Here is how I arrived at planning ahead. As an accountability coach, I quickly realized you can’t successfully decide what you are going to get done without a clear idea of what you are already committed to.

If you aren’t planning ahead for your most important priorities, then they aren’t in your calendar or planner. Then if someone wants to meet you or asks you to do something you appear to be free. Once you realize your day is taken up with meetings, obligations, and errands and there is no time to do the real work that’s most important, you end up feeling frustrated and unaccomplished. 

At Accountability Works, we set goals every quarter. Then every single week we make commitments (you can think of these as action items or homework for the week) that need to be completed by the next meeting. For a long time, I would get my commitments done when there was time. Fitting them around coaching calls and work meetings if they were business-related or in the early mornings, evenings and weekends if they were personal. 

However, I would inevitably have one or two commitments I was finishing at the last minute. Now if you’ve taken our procrastination quiz, and identified as a performer, you will know what I’m talking about. Accountability is great because performers will get things done when they know they have to show up for others but they typically get it done at the last minute. They may not enjoy the rush but they are certainly used to it.

A few years ago, I realized this was something I was ready to let go of. So now planning ahead is much easier because I do the following:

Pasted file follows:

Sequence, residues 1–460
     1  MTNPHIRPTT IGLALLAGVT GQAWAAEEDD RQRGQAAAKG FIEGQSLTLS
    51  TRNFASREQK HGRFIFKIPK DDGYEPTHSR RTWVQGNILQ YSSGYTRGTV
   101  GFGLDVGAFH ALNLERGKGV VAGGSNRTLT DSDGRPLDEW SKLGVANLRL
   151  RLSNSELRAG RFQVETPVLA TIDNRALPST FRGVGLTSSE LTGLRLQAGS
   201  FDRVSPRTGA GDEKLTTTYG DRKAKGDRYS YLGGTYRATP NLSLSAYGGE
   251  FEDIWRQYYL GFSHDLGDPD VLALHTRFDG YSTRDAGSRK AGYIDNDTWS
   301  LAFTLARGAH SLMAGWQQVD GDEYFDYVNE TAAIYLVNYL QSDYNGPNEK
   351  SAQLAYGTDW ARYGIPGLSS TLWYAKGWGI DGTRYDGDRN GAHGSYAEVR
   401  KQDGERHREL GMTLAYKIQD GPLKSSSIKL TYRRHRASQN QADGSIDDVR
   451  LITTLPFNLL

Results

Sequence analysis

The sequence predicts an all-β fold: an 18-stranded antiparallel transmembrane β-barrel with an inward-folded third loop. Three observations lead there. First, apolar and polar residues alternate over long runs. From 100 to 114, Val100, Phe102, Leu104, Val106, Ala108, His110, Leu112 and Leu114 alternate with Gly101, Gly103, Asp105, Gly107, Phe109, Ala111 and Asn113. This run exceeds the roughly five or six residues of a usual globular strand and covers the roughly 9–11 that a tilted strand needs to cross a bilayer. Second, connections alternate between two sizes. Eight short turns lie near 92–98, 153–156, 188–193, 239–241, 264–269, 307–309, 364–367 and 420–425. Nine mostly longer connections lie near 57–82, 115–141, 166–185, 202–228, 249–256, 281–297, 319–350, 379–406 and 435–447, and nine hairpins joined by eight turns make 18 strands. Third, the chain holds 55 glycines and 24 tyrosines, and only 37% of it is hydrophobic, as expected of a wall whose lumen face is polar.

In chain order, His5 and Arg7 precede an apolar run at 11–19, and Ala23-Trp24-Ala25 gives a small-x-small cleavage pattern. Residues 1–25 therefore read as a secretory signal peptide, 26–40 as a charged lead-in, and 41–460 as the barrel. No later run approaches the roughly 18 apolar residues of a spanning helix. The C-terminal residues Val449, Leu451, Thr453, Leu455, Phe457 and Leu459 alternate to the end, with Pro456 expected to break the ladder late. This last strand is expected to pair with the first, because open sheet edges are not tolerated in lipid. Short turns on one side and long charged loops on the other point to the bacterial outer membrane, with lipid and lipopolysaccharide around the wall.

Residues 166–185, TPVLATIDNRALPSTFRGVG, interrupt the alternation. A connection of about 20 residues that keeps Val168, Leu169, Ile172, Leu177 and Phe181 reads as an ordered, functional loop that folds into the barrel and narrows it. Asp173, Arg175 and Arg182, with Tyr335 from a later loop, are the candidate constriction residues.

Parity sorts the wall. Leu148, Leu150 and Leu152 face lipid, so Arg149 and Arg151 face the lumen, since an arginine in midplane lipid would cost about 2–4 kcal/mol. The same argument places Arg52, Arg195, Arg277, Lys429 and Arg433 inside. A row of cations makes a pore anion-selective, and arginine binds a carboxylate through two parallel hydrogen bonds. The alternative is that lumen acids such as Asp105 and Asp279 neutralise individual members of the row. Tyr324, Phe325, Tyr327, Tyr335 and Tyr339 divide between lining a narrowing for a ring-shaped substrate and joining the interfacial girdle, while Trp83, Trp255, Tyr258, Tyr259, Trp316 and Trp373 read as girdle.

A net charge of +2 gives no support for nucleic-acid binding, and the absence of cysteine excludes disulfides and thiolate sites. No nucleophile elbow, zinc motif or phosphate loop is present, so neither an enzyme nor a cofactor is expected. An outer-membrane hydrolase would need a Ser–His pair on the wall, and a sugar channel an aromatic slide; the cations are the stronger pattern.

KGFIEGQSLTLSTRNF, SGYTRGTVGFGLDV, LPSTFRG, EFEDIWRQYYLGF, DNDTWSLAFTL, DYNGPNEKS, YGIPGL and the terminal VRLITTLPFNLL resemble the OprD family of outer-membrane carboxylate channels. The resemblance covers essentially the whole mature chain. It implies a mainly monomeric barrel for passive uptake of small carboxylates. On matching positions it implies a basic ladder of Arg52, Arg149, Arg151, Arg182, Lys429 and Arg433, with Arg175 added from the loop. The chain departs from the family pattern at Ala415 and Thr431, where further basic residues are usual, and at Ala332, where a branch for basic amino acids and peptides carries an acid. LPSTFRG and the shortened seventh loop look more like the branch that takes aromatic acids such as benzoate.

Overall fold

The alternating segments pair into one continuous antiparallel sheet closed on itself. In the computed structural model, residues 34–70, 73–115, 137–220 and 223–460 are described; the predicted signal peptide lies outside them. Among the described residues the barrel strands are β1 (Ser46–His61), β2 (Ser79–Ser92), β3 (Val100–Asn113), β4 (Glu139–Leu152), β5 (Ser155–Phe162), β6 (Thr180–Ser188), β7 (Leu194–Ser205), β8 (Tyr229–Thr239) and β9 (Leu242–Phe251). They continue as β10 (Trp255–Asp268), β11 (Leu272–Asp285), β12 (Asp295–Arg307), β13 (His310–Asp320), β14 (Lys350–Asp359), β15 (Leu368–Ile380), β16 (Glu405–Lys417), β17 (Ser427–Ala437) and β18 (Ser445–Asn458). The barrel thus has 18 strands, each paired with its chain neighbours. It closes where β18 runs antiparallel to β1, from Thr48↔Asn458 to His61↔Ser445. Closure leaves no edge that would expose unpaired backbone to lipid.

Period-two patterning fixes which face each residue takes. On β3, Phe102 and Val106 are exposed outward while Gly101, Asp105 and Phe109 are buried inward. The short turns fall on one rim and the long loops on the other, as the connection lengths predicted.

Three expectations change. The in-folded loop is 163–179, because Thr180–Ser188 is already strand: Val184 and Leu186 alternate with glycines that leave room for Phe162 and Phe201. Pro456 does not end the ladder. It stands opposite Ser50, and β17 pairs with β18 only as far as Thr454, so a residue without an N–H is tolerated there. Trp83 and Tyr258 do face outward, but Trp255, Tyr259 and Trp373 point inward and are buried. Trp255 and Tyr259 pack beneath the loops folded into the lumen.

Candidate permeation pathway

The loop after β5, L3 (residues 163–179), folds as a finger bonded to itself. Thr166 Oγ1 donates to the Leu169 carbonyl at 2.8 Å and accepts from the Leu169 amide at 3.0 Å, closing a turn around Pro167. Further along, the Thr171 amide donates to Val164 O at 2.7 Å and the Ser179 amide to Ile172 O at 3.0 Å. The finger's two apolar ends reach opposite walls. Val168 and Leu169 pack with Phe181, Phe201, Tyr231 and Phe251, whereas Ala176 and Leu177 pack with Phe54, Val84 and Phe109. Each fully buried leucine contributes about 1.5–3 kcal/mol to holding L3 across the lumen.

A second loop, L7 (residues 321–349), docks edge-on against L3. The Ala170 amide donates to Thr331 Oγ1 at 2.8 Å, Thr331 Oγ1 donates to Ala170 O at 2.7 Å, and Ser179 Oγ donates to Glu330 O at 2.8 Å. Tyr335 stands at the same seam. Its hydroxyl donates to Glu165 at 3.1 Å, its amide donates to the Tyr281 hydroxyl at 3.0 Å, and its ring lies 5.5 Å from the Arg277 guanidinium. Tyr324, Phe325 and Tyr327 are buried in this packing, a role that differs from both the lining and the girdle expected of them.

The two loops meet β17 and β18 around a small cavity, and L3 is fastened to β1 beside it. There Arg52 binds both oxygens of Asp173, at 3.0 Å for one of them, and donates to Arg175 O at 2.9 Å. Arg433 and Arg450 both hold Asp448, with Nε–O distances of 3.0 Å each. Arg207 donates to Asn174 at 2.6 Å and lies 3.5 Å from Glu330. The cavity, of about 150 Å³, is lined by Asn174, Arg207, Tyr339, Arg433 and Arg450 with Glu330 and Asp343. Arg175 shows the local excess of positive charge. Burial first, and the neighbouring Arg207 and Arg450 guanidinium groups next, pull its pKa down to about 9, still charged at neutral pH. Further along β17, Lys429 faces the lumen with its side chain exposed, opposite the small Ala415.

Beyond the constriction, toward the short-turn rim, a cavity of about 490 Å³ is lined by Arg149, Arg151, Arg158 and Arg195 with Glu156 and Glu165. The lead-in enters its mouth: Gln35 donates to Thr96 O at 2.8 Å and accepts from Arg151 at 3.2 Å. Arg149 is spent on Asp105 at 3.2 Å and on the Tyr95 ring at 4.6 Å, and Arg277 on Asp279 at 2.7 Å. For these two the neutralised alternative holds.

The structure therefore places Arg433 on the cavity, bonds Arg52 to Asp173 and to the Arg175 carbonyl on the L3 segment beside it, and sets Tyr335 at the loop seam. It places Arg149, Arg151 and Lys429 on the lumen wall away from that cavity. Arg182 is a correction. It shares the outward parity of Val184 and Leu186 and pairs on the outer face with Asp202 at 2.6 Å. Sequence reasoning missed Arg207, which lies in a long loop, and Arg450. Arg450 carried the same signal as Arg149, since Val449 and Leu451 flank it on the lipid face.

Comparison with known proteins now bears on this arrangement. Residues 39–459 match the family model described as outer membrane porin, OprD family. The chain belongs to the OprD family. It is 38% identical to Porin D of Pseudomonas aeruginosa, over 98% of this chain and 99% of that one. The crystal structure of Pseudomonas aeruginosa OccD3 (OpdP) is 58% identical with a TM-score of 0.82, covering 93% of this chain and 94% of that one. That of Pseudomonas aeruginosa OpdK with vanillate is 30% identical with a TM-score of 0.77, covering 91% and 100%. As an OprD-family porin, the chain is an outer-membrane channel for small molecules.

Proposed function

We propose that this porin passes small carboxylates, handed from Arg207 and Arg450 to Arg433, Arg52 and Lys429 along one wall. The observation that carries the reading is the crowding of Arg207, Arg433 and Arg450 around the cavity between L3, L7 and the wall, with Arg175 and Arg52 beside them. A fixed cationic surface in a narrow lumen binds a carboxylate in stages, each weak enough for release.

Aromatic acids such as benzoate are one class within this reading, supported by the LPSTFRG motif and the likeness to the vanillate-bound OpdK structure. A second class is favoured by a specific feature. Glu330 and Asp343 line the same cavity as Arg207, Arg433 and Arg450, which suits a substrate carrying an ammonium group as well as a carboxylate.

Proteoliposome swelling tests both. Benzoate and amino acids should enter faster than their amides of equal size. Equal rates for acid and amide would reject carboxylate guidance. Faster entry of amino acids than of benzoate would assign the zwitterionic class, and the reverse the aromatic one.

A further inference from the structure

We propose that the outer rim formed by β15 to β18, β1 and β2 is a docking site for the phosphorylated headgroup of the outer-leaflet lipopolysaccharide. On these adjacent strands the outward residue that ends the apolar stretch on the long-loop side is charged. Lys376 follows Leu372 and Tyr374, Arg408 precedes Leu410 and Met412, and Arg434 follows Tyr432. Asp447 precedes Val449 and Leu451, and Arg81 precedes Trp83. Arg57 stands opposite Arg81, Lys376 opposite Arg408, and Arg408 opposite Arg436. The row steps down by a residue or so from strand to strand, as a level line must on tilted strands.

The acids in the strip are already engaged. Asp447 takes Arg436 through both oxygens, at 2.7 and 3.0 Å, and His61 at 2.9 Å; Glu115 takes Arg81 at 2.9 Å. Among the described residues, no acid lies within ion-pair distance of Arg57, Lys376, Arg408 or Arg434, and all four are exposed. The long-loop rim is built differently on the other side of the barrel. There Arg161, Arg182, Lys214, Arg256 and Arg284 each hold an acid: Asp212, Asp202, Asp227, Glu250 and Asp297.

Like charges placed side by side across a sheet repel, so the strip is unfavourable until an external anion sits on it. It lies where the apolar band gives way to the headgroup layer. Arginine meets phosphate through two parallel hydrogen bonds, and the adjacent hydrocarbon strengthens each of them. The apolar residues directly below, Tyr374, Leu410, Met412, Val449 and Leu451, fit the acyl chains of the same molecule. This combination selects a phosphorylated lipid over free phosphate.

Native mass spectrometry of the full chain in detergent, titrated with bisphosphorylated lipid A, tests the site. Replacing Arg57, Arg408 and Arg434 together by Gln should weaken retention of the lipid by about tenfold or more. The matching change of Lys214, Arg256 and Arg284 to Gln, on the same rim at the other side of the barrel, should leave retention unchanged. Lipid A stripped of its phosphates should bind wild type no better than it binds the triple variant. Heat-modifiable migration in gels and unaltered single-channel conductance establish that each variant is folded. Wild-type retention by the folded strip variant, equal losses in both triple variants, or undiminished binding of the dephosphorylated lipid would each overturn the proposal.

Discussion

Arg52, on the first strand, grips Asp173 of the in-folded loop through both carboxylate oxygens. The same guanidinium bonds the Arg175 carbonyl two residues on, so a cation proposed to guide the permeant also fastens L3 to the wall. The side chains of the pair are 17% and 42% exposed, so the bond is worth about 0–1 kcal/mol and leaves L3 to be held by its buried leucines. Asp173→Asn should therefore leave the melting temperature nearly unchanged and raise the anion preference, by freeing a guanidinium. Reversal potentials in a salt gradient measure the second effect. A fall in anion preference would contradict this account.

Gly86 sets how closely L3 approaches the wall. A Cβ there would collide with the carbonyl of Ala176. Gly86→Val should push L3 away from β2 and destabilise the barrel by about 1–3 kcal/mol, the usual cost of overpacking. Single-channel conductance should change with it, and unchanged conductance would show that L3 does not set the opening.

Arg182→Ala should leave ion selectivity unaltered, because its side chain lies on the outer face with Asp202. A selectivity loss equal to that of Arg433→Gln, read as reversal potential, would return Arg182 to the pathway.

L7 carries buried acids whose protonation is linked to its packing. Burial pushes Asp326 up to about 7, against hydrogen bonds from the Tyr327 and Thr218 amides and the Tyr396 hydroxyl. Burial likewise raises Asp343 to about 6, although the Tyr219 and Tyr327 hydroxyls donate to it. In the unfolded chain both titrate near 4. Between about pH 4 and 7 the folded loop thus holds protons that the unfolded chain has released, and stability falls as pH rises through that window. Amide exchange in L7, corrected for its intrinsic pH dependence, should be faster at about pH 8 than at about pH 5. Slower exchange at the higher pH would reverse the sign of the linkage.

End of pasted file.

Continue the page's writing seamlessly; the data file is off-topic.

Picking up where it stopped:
1. Put all the important dates – personal, professional, family, school, holidays in my calendar for the year. 
  2. Set goals for the year and for each quarter (this of course is part of our program but even if you aren’t a client, this is a good way of saying this is what I’m focused on now, which lends itself to saying no to things that are not your current priorities)
  3. Plan my month ahead. I usually do this at the end of the month prior month or beginning of the current month depending on what day of the week it falls because I like to plan on Sundays which is my slowest most leisurely day of the week. 
  4. Make a commitment every week to plan my week ahead and to put my commitments in my schedule. That means I make appointments with myself for when I’m going to do things. This way that time shows as busy. It also means that sometimes I have grand ideas of what I want to get done that week but I have to reconcile that with what I’m already obligated to do and scale back. 
  5. Stay mindful of free time. I know that stress is a trigger for my health so even though I may want to fill up my time, I know that I need buffers to recharge. 
  6. Put my lunch on my calendar. Before I started doing this I was notorious for working through lunch or eating at my desk. This has created much better eating habits and feeds my desire to be more mindful. 
  7. When things don’t go according to plan, I don’t freak out or beat myself up. The practice of planning is just that, a practice and you get better at it over time.

When I’m planning ahead everything goes into my computer so I get reminders and since people can schedule meetings with me online, it ensures I keep my availability accurate. I also keep my AW Planner open on my desk and write notes and check off commitments all week long. Writing things down creates a memory that putting something in my online calendar does not. It might sound a little tedious but the whole process takes me about 15 minutes on Sunday morning and leads to a much more relaxed week.